Quantitative evaluation of LDDMM, FreeSurfer, and CARET for cortical surface mapping

NUS Graduate School for Integrative Sciences and Engineering, National University of Singapore, Singapore, Singapore.
NeuroImage (Impact Factor: 6.36). 04/2010; 52(1):131-41. DOI: 10.1016/j.neuroimage.2010.03.085
Source: PubMed

ABSTRACT Cortical surface mapping has been widely used to compensate for individual variability of cortical shape and topology in anatomical and functional studies. While many surface mapping methods were proposed based on landmarks, curves, spherical or native cortical coordinates, few studies have extensively and quantitatively evaluated surface mapping methods across different methodologies. In this study we compared five cortical surface mapping algorithms, including large deformation diffeomorphic metric mapping (LDDMM) for curves (LDDMM-curve), for surfaces (LDDMM-surface), multi-manifold LDDMM (MM-LDDMM), FreeSurfer, and CARET, using 40 MRI scans and 10 simulated datasets. We computed curve variation errors and surface alignment consistency for assessing the mapping accuracy of local cortical features (e.g., gyral/sulcal curves and sulcal regions) and the curvature correlation for measuring the mapping accuracy in terms of overall cortical shape. In addition, the simulated datasets facilitated the investigation of mapping error distribution over the cortical surface when the MM-LDDMM, FreeSurfer, and CARET mapping algorithms were applied. Our results revealed that the LDDMM-curve, MM-LDDMM, and CARET approaches best aligned the local curve features with their own curves. The MM-LDDMM approach was also found to be the best in aligning the local regions and cortical folding patterns (e.g., curvature) as compared to the other mapping approaches. The simulation experiment showed that the MM-LDDMM mapping yielded less local and global deformation errors than the CARET and FreeSurfer mappings.

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    • "Thus, surface-based approaches have recently received great attention and been applied in brain morphometry for exploring abnormalities [4] [28] [31]. Many related comparisons and surveys have also been presented, as in [23] [29] [38]. "
    Computer Vision and Image Understanding 09/2013; 117(9):1107-1118. · 1.36 Impact Factor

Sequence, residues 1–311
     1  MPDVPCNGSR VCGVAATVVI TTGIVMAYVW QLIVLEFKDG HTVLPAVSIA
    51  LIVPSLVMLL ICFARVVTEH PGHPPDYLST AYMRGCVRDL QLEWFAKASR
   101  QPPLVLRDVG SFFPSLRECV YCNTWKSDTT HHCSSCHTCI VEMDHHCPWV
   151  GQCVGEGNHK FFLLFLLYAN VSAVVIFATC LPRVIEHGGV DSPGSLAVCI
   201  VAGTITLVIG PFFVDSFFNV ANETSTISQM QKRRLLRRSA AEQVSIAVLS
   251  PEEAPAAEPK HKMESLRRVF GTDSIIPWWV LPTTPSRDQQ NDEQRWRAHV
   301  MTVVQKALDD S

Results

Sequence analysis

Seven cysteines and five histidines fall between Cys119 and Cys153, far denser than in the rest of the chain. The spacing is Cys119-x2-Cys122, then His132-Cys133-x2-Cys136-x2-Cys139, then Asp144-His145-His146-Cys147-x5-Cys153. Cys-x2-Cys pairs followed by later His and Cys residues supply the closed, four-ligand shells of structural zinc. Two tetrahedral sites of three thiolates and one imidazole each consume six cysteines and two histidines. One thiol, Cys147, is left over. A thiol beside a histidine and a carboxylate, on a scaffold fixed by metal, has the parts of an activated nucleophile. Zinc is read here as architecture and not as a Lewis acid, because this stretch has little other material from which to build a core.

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    • "Thus, surface-based approaches have recently received great attention and been applied in brain morphometry for exploring abnormalities [4] [28] [31]. Many related comparisons and surveys have also been presented, as in [23] [29] [38]. "
    X Chen · H He · G Zou · X Zhang · X Gu · J Hua
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    ABSTRACT: This paper presents an improved Euclidean Ricci flow method for spherical parameterization. We subsequently invent a scale space processing built upon Ricci energy to extract robust surface features for accurate surface registration. Since our method is based on the proposed Euclidean Ricci flow, it inherits the properties of Ricci flow such as conformality, robustness and intrinsicalness, facilitating efficient and effective surface mapping. Compared with other surface registration methods using curvature or sulci pattern, our method demonstrates a significant improvement for surface registration. In addition, Ricci energy can capture local differences for surface analysis as shown in the experiments and applications.
    Computer Vision and Image Understanding 09/2013; 117(9):1107-1118. DOI:10.1016/j.cviu.2013.02.010 · 1.36 Impact Factor
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    • "This approach has been shown to be more robust in surface registration as compared to fully automated methods of registration (Pantazis et al. 2010). Given our a priori ROI driven hypothesis and neural systems-based approach, we think that this study benefits the most from the landmark-based technique as the anatomical regions adjacent to the landmarks are optimally registered (Zhong et al. 2010). The registration method uses a deformable, spherical registration that is constrained by the landmarks. "
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